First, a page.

(d) On account of great achievements: 2Sa 3:38: "Know ye not that there is a prince and a great man fallen this day in Israel?"--an honorary title. Generally speaking, a prince is a wealthy man (compare Job 34:19: "That respecteth not the persons of princes, nor regardeth the rich more than the poor"), and he is a prominent man embodying true, although mortal, manhood (compare Ps 82:7: "Nevertheless ye shall die like men, and fall like one of the princes).

(2) nasi’: usually derived from nasa’, "to lift," hence, "exalted"; otherwise: a "speaker."

(a) An honorary title (compare Ge 23:6: "Thou art a prince of God among us." The distinction is conferred upon Abraham by the children of Heth).

(b) A name given to the heads of the Israelite tribes, families and fathers’ houses: Nu 3:24: "the prince of the fathers’ house of the Gershonites" (compare 3:30,35); 3:32: "Eleazar .... shall be prince of the princes of the Levites, and have the oversight of them that keep the charge of the sanctuary"; Nu 4:34: "the princes of the congregation." They seem to be identical with the "rulers of thousands, rulers of hundreds, rulers of fifties, and rulers of tens" (compare Ex 18:21; Nu 16:2). Nu 7:2: "the princes of Israel, the heads of their fathers’ houses .... the princes of the tribes" (compare 17:2,6; 34:18; Jos 22:14; 1Ch 4:38).

(c) Equivalent to chief or king: Ge 17:20: "Twelve princes shall he beget" (compare 25:16); Ge 34:2: "Shechem the son of Hamor the Hivite, the prince of the land"; Nu 25:18: "Cozbi, the daughter of the prince of Midian" (compare Jos 13:21); 1Ki 11:34: "I will make him prince all the days of his life." This was said of Solomon, which shows the term equivalent to king. Of special interest is the use of the word nasi’ in Ezekiel. The name is given to the Jewish king (compare 12:10: "This burden concerneth the prince in Jerusalem"). Then, again, it is applied to the future theocratic king (compare 34:24; 37:25, etc., and especially chapters 45; 46). It is also used of foreign potentates and high officers (compare 26:16: "the princes of the sea"; 28:2: "the prince of Tyre"; 30:13: "a prince from the land of Egypt"); 32:29: "Edom, her kings and all her princes"; and, likewise, of high Jewish officers (21:12).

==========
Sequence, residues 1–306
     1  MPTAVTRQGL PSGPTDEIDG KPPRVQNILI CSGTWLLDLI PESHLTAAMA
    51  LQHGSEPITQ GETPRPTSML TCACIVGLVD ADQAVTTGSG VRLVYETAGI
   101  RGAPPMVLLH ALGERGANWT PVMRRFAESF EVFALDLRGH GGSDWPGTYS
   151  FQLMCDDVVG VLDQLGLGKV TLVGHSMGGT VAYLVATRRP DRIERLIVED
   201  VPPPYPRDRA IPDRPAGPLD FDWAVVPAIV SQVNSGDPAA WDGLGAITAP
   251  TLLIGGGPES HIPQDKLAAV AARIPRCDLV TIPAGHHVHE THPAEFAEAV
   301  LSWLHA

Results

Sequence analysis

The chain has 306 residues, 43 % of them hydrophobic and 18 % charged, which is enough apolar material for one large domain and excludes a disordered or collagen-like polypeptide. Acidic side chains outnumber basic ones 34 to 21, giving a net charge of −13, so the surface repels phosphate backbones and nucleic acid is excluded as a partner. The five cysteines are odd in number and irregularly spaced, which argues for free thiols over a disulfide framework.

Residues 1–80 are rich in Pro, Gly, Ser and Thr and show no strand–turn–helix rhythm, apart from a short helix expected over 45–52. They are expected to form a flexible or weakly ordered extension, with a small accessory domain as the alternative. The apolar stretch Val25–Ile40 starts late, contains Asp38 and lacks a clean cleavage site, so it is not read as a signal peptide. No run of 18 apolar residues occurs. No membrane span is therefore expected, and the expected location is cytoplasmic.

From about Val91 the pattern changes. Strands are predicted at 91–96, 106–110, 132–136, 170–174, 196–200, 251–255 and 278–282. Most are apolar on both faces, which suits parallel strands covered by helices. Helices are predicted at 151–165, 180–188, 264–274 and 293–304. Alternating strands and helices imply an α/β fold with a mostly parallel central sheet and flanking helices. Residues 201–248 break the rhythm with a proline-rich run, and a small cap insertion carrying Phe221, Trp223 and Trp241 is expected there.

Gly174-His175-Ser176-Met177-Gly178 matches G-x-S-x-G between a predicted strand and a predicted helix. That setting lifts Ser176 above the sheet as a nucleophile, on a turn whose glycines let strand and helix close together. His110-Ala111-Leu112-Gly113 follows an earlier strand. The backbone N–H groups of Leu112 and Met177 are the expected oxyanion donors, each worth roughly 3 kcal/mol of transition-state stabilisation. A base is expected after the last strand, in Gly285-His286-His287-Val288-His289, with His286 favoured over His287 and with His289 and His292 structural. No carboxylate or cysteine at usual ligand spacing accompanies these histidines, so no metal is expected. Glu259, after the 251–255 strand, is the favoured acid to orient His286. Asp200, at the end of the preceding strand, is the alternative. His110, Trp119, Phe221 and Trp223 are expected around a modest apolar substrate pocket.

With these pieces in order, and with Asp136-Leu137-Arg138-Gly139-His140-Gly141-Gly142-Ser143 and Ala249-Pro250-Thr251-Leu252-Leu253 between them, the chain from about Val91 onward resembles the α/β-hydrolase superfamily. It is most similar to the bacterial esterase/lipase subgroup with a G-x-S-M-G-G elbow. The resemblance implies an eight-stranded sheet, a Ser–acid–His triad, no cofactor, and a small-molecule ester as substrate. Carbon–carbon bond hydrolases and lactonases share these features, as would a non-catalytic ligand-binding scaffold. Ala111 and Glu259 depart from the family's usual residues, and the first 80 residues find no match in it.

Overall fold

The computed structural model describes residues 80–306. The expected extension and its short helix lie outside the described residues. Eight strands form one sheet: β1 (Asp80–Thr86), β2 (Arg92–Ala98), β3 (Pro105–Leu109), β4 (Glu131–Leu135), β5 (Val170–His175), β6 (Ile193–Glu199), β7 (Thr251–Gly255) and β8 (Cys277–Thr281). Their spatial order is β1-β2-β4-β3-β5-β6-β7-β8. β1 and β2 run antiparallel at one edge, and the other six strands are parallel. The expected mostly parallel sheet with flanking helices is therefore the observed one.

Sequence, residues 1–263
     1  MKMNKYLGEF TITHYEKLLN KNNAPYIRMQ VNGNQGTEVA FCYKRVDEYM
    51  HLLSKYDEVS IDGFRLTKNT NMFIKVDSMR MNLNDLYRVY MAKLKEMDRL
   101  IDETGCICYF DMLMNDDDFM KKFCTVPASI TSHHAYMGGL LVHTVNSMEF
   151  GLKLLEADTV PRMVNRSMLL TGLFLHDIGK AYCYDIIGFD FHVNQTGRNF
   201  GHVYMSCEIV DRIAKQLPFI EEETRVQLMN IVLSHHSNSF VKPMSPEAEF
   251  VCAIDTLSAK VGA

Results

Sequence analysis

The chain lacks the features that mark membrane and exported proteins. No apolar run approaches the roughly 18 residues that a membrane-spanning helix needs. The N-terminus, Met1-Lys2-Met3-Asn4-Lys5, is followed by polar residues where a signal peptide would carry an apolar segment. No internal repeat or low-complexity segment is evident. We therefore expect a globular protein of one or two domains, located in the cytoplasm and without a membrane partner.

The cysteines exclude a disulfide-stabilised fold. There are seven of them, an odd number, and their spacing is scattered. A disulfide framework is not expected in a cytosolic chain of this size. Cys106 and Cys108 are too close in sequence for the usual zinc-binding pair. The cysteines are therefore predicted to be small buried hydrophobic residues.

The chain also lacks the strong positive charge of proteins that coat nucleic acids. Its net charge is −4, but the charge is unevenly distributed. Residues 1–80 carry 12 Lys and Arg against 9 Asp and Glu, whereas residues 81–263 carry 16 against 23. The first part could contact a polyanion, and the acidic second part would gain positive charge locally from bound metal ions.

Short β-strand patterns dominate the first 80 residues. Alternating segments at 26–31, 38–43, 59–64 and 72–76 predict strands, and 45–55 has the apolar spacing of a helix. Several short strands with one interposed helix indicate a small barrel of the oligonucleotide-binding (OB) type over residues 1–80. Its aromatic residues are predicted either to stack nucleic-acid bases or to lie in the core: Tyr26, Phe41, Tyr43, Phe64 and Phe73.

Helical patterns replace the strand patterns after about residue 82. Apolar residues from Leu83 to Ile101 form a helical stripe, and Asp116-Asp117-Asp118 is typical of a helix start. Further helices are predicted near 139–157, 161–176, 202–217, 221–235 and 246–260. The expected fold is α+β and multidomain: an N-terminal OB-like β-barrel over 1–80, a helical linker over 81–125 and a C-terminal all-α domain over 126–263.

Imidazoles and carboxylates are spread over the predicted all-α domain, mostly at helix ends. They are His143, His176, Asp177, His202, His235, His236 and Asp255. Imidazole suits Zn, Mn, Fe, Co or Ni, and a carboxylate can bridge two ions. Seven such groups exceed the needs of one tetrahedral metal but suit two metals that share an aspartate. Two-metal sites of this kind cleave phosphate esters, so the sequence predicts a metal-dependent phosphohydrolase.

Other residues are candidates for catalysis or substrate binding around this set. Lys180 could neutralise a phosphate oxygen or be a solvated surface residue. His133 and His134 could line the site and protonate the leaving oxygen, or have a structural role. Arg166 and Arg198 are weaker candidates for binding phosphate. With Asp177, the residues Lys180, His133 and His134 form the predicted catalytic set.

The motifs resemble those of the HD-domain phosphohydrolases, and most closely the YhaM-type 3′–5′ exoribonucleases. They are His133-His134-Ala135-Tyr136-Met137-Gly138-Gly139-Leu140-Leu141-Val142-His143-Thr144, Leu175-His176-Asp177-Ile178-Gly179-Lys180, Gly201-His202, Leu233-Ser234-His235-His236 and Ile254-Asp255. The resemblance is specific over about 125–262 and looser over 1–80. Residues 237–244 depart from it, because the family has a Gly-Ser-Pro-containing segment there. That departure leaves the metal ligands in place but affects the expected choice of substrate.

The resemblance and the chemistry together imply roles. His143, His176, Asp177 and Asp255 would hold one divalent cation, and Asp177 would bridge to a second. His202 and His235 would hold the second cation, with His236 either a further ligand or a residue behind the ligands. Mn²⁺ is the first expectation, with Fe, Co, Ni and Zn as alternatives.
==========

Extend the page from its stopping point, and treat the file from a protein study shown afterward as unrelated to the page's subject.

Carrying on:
(d) A title bestowed upon Sheshbazzar (Ezr 1:8).



(5), (6) razon, and rozen, "a high official," "a prince," usually associated with the word "king" or "judge." Pr 14:28: "In the multitude of people is the king’s glory; but in the want of people is the destruction of the prince" (razon); Jud 5:3: "Hear, O ye kings; give ear, O ye princes" (rozenim); Pr 8:15: "By me kings reign, and princes (rozenim) decree justice" (compare 31:4; Hab 1:10); Isa 40:23: "that bringeth princes (rozenim) to nothing; that maketh the judges of the earth as vanity."

(7) nacikh, derived from nacakh, "to install a king" (compare Ps 2:6); hence, a prince: Jos 13:21: "the princes of Sihon" (compare Ps 83:11); Eze 32:30: "the princes of the north"; Mic 5:5: the Revised Version (British and American) "principal men," the Revised Version margin "princes among men"; Da 11:8: the Revised Version (British and American) "molten images," the Revised Version margin "princes."

(8) qatsin, "a judge," "a military leader," "a prince"; Da 11:18: "A prince (the Revised Version margin "captain") shall cause the reproach .... to cease" (probably a Roman consul; a Roman general?).

(9) shalish: The usual explanation, "one of the three men on a war-chariot" is highly improbable; Gesenius suggests that it is a loan-word, and renders it "hero." Eze 23:15: "All of them princes to look upon" ("picked men," Gesenius).

(10) chashmannim: Ps 68:31: "Princes shall come out of Egypt." Septuagint renders it presbeis, "ambassadors," Vulgate (Jerome’s Latin Bible, 390-405 A.D.) legati. But the meaning is uncertain.

See also GOVERNOR, 1, (8).